Hi. Thanks for clicking over to Harpin On Rugby. If you’re not an Irish fan, you are of course most welcome. And if you are, you may be in two minds whether you really want to read about this game right now. I’ll totally understand if you decide to click away, but hopefully you’ll be back eventually.
Because if you’re reluctant to read about it, imagine how I feel not only writing about it, but watching the match over again before I do!!!
Yet I’m still happy to complete the task, mostly because these writeups are meant to capture how I felt immediately following a Leinster or Ireland rugby weekend, and naturally that should include the bad days as much as the good, so here we go.
I was quietly confident ahead of this match, I cannot lie. Well, when I say “quietly”, I did kind of say in my preview that I thought we’d win by 8-10 points, so I kind of got that wrong. However, say what you like about how the game started...the fact remains it was a 3-point contest in the 63rd minute.
And I completely disagreed with the TV3 commentary team who seemed to think that having clawed our way back into this match we could get over the line by “chipping away with 3-pointers”. I was firmly convinced we needed a third try to complete the comeback and make it stick, and what’s more, I firmly believed we could get it.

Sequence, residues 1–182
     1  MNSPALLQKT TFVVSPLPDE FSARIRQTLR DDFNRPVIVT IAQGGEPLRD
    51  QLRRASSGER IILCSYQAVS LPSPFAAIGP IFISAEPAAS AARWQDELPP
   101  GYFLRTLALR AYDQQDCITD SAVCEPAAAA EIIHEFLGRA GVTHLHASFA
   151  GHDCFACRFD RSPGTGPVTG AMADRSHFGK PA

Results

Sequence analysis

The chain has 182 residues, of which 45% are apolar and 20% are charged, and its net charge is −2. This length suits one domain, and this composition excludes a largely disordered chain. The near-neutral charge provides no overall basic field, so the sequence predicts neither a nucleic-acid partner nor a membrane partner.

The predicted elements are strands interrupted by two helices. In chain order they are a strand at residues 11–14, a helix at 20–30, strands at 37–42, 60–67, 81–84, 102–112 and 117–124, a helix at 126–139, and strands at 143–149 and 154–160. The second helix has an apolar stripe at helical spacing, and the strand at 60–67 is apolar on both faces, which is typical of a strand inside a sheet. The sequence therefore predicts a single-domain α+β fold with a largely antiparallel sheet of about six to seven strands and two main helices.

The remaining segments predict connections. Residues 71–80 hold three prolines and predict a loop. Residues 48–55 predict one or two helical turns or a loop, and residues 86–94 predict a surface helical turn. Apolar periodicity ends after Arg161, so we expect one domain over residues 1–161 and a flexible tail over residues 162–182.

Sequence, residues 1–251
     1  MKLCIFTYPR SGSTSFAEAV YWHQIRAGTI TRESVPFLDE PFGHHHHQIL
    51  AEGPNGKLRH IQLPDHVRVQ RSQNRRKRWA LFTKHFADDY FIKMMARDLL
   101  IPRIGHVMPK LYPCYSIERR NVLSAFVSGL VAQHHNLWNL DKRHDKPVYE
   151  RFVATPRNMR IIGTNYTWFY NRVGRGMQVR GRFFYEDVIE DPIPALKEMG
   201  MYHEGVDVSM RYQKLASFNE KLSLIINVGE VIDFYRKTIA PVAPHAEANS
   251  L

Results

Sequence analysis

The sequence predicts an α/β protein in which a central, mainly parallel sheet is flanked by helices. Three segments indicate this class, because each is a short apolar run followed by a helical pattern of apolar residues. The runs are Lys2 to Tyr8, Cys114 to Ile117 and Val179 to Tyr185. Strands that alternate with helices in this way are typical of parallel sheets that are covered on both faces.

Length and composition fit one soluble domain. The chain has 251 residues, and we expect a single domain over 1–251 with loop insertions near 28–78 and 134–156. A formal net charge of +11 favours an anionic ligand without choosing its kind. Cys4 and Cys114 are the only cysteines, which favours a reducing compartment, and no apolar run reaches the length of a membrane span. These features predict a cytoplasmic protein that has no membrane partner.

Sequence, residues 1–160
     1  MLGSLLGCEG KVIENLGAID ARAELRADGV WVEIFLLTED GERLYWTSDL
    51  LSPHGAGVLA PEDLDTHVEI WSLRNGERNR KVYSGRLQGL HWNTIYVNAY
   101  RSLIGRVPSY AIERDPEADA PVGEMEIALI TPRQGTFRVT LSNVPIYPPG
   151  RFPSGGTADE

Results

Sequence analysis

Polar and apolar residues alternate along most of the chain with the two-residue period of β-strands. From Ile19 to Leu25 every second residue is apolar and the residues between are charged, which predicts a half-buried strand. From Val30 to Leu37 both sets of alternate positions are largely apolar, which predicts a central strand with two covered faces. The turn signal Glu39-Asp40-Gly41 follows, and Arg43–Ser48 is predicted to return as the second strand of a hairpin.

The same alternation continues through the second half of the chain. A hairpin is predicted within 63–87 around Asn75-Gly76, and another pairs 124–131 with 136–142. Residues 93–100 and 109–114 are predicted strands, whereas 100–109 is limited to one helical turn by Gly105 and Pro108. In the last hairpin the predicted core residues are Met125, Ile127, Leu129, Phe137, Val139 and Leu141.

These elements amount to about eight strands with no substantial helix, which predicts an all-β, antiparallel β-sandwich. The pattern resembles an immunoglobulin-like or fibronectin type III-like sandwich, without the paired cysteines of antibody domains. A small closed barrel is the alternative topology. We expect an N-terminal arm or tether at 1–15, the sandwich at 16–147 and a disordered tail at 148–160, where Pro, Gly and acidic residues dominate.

What went with that belief, however, was an assumption that we would not make any more mistakes in that final quarter. It had to be nigh-on flawless rugby, much like the All Blacks played on the way to defeating us in that game I hate remembering yet still somehow seem to keep referencing.
So even though the deficit had gone back out to six points, when we had a lineout just inside our own half in the 65th minute, I knew this was our chance to seize the day. We probably wouldn’t have scored directly from here, but since our 2nd half defence had been so solid, even forcing the Pumas back to their own 22 would be a result we could build on.
The lineout was taken ok, but 8 phases later we still had possession and we were going nowhere as the Argentinian D wasn’t too shabby either. The territory kick option by Ian Madigan was a decent shout at this point, yet he put it out on the full. Then, although we won the ball back from the lineout and won a scrum not far outside our own 22 to try and get some momentum back, Conor Murray got distracted taking the ball out of the scrum and knocked it on.
In the space of just two minutes on the clock in a game we were chasing, we conceded not only possession but a good 40 metres on the pitch. And shortly after that resulting scrum, Tuculet got the try over in the corner that effectively killed the match.
It’s not that I’m blaming the two players involved per se, but when accuracy is lacking we can’t be afraid to give names. Of course there was no guarantee we would have scored without those errors, but for what it’s worth, my opinion is that we could have and the 7-point swing the other way was a killer.